• WordNet 3.6
    • n reduplication the act of repeating over and again (or an instance thereof)
    • n reduplication a word formed by or containing a repeated syllable or speech sound (usually at the beginning of the word)
    • n reduplication the syllable added in a reduplicated word form
    • n reduplication repetition of the final words of a sentence or line at the beginning of the next
    • ***
Webster's Revised Unabridged Dictionary
    • Reduplication (Pros) A figure in which the first word of a verse is the same as the last word of the preceding verse.
    • Reduplication The act of doubling, or the state of being doubled.
    • Reduplication (Philol) The doubling of a stem or syllable (more or less modified), with the effect of changing the time expressed, intensifying the meaning, or making the word more imitative; also, the syllable thus added; as, L. tetuli; poposci.
    • ***
Century Dictionary and Cyclopedia
    • n reduplication The act of reduplicating, redoubling, or repeating, or the state of being reduplicated.
    • n reduplication In rhetoric, a figure in which a verse ends with the same word with which the following begins.
    • n reduplication In philol.:
    • n reduplication The repetition of a syllable (usually a root-syllable), or of the initial part, often with more or less modification, in various processes of word-formation and inflection. In our languages, it is especially the perfect tense that exhibits reduplication: thus, Gothic haihald, Latin cecini, Greek πέφευγα, Sanskrit babhāra; but also the present tense: thus. Latin sisto, Greek δίδωμι, Sanskrit dadāmi, etc.; and elsewhere.
    • n reduplication The new syllable formed by reduplication.
    • n reduplication In logic, an expression affixed to the subject of a proposition, showing the formal cause of its possession of the predicate: as, “man, as an animal, has a stomach,” where the expression “as an animal” is the reduplication.
    • n reduplication In anatomy and zoology, a folding of a part; a folded part; a fold or duplication, as of a membrane, of the skin, etc. Also reduplicature.
    • n reduplication In pathology, the repetition of the sequence of symptoms in a case of intermittent malarial fever of double type.
    • n reduplication In mech., the principle, in a cord-and-pulley, that the greater the number of turns of the rope in the pulleys, the greater the load that can be lifted by a given pull on the hauling-rope.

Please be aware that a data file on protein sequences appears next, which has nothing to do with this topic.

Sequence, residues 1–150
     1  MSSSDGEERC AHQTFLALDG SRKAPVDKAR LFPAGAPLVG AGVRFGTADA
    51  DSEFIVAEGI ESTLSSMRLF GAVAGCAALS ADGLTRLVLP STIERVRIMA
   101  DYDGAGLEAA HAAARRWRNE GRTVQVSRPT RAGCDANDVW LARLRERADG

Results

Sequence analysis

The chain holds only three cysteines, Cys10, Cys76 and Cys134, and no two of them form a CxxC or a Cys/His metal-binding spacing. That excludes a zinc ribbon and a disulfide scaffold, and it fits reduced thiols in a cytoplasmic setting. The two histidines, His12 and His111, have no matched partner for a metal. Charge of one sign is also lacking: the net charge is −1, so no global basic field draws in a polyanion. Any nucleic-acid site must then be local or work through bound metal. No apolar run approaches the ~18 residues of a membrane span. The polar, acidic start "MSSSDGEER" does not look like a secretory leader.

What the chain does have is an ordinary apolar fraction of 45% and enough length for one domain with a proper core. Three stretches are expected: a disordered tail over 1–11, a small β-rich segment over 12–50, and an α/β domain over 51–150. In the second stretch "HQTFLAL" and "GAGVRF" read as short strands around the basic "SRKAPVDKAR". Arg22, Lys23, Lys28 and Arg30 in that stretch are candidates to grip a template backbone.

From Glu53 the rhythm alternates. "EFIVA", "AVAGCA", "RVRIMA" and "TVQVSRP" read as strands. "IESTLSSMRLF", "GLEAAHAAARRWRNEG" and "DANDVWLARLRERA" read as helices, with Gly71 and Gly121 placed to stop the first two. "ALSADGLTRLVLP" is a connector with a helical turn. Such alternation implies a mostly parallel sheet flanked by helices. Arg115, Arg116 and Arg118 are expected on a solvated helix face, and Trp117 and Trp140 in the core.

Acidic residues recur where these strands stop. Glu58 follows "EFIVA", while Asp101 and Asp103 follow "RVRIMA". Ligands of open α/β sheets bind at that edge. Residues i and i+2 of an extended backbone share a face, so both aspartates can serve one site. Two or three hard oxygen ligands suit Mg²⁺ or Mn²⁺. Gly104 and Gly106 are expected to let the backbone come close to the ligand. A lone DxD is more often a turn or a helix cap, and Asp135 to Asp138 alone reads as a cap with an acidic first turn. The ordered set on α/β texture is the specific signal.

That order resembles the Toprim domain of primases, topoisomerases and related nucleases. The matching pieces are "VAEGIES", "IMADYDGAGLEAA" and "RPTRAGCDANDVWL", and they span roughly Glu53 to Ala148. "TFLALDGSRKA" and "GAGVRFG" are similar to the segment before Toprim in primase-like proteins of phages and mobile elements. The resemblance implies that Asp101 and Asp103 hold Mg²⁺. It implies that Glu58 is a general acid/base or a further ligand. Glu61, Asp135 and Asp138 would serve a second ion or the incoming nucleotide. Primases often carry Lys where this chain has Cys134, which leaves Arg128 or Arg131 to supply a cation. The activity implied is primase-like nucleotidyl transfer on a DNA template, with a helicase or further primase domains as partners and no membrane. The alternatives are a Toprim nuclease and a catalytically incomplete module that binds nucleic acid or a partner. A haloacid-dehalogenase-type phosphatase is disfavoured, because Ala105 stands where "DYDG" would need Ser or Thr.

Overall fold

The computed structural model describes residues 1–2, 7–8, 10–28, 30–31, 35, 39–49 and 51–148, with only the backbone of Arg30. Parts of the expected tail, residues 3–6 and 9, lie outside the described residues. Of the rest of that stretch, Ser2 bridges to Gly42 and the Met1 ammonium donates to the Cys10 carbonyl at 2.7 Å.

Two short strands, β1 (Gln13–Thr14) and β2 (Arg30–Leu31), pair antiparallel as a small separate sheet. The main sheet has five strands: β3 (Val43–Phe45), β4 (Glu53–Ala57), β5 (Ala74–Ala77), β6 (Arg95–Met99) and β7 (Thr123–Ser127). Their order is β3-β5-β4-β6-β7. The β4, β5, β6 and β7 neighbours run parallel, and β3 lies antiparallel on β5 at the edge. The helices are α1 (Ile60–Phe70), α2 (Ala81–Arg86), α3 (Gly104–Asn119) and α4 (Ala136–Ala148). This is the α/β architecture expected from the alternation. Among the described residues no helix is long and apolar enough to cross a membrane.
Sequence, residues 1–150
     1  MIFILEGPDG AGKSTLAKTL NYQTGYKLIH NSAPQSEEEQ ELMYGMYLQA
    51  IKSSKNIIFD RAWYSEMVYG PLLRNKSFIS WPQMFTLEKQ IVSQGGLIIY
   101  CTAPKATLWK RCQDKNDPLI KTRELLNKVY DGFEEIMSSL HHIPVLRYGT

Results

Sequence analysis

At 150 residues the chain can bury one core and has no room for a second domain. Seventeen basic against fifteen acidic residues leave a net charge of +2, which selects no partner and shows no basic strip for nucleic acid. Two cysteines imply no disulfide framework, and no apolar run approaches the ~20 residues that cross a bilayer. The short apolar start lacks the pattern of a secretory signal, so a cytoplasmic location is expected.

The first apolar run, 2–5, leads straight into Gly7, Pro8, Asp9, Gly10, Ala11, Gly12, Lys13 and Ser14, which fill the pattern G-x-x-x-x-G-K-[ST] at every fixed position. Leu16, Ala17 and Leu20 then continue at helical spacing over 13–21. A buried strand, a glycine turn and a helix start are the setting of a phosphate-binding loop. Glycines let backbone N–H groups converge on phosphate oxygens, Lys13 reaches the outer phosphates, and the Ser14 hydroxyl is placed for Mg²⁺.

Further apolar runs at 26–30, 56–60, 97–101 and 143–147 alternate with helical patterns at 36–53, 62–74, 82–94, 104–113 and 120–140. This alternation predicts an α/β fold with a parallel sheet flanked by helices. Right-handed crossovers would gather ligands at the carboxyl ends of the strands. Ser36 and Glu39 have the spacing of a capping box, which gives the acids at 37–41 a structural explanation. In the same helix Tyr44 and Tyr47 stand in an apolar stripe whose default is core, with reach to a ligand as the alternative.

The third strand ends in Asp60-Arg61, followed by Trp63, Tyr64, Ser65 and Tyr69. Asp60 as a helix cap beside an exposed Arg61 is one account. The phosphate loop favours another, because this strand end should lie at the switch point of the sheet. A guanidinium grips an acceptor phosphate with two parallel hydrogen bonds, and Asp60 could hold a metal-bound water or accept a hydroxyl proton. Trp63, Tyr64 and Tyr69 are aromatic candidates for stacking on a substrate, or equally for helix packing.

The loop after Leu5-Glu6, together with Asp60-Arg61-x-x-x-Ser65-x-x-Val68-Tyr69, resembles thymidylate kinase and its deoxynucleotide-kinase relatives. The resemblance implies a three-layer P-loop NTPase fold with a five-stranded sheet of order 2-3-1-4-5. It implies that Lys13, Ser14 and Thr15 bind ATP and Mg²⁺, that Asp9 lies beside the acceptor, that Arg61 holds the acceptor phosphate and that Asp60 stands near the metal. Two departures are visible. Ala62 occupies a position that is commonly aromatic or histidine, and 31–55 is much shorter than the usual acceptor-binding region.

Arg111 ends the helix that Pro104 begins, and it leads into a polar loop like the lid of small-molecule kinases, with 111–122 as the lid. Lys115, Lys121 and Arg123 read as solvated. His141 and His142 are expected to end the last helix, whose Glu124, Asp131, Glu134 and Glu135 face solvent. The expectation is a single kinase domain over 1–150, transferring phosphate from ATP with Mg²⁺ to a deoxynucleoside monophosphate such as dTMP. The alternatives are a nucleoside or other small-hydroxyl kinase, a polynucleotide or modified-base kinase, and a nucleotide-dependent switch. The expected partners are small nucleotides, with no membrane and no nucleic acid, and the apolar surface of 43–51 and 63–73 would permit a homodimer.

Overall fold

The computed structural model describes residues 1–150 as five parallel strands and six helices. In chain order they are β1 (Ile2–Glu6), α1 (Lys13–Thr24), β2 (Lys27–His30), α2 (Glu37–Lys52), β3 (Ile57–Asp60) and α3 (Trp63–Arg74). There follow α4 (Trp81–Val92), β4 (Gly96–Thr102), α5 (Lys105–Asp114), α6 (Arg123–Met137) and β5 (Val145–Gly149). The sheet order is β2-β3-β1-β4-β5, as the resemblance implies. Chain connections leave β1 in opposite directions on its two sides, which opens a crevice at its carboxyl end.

• ***
Chambers's Twentieth Century Dictionary
    • n Reduplication the act of redoubling: the repetition of a syllable, or of the initial part, in inflection and word-formation, as in L. fefelli, perf. of fallo, Gr. tetupha, perf. of tuptō:
    • n Reduplication (anat.) a folding or doubling of a part or organ
    • ***


Webster's Revised Unabridged Dictionary
Cf. F. réduplication, L. reduplicatio, repetition


In literature:

Benham went into the study that reduplicated his former rooms in Finacue Street and sat down before the fire the butler lit for him.
"The Research Magnificent" by H. G. Wells
A reduplication of the description in Bk.
"Cyropaedia" by Xenophon
But the pleasure of hero-worship for their author would be more than reduplicated.
"Yet Again" by Max Beerbohm
It was an awesome picture, that ravenous and reduplicating mouth!
"Essays in Rebellion" by Henry W. Nevinson
On December 2 the pulse was 136, and the heart sounds reduplicated.
"Scientific American Supplement, Vol. XIX, No. 470, Jan. 3, 1885" by Various
"New Latin Grammar" by Charles E. Bennett
But more commonly still we find 4, and perhaps 3 also, expressed by reduplication.
"The Number Concept" by Levi Leonard Conant
But there was one time when a great reduplication of the vocabulary occurred.
"Public Speaking" by Clarence Stratton
He recognizes six kinds of symphony; in reality he employs only three, the others being reduplications.
"A Popular History of the Art of Music" by W. S. B. Mathews
This inaccuracy is often to be deplored; inasmuch as a reduplicated syllable often really affects the sense.
"The Causes of the Corruption of the Traditional Text of the Holy Gospels" by John Burgon

In science:

Section 2 describes about the agglutinative nature of Manipuri which leads us to the idea of stemming. Section 3 gives the idea of Manipuri Reduplicated MWEs, stemming of Manipuri words so that it can be used as a feature is describe in Section 4.
Reduplicated MWE (RMWE) helps in improving the CRF based Manipuri POS Tagger
Section 5 gives the concept of Conditional Random Field (CRF). CRF model and Feature selection is described in Section 6 and Section 7 reports the experiments and the evaluation, improvement using reduplicated MWEs is discussed in Section 8 and the conclusion is drawn in Section 9.
Reduplicated MWE (RMWE) helps in improving the CRF based Manipuri POS Tagger
In Manipuri works for identification of reduplicated MWEs has been reported for the first time in .
Reduplicated MWE (RMWE) helps in improving the CRF based Manipuri POS Tagger
The reduplicated MWEs in Manipuri are classified mainly into four different types.
Reduplicated MWE (RMWE) helps in improving the CRF based Manipuri POS Tagger
These are: 1) Complete Reduplicated MWEs, 2) Mimic Reduplicated MWEs, 3) Echo Reduplicated MWEs and 4) Partial Reduplicated MWEs. Apart from these fours there are also cases of a) Double reduplicated MWEs and b) Semantic Reduplicated MWEs.
Reduplicated MWE (RMWE) helps in improving the CRF based Manipuri POS Tagger